By following the order prescribed in the "Creating the Jar" section of each recipe, you will be sure to put together an attractive jar. Be aware, though, that in most cases, this is not the only way in which the ingredients can be successfully layered. I have usually chosen to provide you with the simplest method of packing the jar. If you prefer to arrange the layers differently, go for it! After you make a few gift jars, you'll get a feel for the process. To keep your layers as neat as possible, just remember to avoid placing powdery or granular ingredients--flour and sugar, for instance--above a product such as chocolate chips, nuts, or raisins. Because chips and the like have space between the individual pieces, they will allow the powdery substance to sift in. Instead, try to pack an ingredient such as brown sugar above these goodies, as the moist sugar will form a "seal," preventing the layers from blending together.

Some of the soup and stew recipes contain jar ingredients, such as pasta or egg noodles, that are to be added to the pot after the other ingredients have been cooking for a while. (Imagine how pasta would become if it were allowed to cook in a soup for more than thirty minutes? Does the image of "mush" come to mind?) For recipes in which this occurs, you will be instructed to place the pasta or other "to-be-added-later" ingredient in a resealable sandwich bag before placing it in the jar. This will keep it separate from the other items.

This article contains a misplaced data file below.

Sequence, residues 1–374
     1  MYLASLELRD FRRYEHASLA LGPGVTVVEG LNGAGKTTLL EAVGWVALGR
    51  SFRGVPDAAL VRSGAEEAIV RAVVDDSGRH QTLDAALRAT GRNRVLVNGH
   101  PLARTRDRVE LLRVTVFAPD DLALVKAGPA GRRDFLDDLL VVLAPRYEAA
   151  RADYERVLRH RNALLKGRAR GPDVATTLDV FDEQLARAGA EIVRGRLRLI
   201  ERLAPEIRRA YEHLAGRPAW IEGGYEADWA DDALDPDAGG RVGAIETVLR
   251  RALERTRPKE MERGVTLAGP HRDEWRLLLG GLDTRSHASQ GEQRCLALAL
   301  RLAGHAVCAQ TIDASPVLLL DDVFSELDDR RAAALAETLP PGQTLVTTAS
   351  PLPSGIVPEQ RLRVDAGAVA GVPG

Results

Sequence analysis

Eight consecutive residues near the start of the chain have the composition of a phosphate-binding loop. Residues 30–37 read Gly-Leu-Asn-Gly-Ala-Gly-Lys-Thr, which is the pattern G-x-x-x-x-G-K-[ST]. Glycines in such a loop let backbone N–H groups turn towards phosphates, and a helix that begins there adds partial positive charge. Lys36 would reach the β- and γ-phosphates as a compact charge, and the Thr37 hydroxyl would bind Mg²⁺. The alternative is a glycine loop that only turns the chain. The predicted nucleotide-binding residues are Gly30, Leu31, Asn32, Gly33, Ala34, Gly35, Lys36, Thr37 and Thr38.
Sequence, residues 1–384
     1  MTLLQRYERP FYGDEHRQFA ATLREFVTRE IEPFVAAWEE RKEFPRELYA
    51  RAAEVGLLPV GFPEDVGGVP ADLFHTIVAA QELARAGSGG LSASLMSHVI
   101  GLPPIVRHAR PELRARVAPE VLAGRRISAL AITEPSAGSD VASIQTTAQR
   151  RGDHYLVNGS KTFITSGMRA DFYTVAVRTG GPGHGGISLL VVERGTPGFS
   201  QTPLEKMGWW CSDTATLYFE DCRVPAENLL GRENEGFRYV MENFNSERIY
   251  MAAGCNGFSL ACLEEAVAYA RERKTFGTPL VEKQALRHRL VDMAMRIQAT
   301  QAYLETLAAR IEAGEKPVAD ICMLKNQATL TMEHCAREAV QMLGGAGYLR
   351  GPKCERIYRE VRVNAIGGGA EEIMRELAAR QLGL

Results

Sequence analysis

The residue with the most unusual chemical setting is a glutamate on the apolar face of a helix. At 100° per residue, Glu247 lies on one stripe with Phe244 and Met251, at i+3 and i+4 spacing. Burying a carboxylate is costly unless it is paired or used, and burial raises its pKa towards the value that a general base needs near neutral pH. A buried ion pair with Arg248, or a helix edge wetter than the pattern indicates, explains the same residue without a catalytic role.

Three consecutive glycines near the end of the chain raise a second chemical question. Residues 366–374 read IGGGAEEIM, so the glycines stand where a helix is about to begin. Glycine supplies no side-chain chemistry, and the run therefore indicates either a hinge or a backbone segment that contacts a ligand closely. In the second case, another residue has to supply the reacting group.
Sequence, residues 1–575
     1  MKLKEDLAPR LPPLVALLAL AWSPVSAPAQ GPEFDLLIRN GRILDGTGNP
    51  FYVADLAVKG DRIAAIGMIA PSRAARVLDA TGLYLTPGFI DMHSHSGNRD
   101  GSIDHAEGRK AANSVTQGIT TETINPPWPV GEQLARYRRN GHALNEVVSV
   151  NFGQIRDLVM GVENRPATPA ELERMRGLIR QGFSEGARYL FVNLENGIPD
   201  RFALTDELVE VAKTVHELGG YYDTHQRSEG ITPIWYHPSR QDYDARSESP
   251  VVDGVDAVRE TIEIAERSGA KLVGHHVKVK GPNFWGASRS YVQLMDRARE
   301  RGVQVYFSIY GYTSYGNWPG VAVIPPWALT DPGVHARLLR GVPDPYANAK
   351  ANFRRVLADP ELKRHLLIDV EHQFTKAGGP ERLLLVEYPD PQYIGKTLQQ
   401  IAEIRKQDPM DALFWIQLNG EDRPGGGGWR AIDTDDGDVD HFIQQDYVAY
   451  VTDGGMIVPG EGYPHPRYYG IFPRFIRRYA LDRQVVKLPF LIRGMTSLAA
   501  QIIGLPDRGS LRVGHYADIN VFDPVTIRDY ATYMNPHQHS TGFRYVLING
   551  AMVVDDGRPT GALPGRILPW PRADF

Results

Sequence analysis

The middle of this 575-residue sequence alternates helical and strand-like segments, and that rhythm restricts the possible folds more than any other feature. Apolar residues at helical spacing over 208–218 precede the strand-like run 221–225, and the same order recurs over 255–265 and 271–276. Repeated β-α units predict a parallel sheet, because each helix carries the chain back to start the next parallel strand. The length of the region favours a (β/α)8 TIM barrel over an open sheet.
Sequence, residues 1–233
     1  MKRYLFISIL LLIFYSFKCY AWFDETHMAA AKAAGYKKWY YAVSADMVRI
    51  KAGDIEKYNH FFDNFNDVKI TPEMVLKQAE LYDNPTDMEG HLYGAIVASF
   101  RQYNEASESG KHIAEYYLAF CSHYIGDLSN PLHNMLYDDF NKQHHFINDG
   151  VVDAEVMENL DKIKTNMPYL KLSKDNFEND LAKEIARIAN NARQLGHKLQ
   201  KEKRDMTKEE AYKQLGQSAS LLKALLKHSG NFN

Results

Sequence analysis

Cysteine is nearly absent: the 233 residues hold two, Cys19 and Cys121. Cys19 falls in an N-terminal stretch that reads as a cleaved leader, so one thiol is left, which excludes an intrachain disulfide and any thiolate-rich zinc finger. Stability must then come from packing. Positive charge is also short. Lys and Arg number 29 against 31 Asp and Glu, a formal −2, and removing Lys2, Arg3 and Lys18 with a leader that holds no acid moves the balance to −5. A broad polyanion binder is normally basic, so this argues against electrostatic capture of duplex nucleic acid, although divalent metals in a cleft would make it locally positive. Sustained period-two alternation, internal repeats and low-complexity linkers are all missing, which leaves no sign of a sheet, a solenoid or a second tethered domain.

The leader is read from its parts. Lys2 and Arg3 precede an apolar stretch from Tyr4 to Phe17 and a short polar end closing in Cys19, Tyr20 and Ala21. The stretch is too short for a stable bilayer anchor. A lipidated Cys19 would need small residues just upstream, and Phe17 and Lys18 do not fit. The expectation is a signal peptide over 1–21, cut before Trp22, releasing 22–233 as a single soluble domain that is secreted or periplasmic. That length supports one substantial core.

When placing ingredients into the Mason jar, especially flour, cocoa, and other powdery ingredients, you might find a wide-mouth canning funnel to be a helpful tool. Placed over the top of the jar, this functional piece of equipment helps guide the ingredients into the jar easily and neatly. Made of plastic or stainless steel, canning funnels are found at most stores that sell kitchen tools and gadgets. You can also purchase funnels online at sites such as www.cooking.com and www.DoItBest.com. It is also easy to make your own canning funnel. Just follow these simple steps.

Making a Wide-Mouth Funnel
1. Cut a 9-inch semi-circle out of oak tag or other stiff paper.
2. Cut a 4-inch semi-circle from the center of the paper.
3. Bring the two sides together and attach with tape.
4. Voila!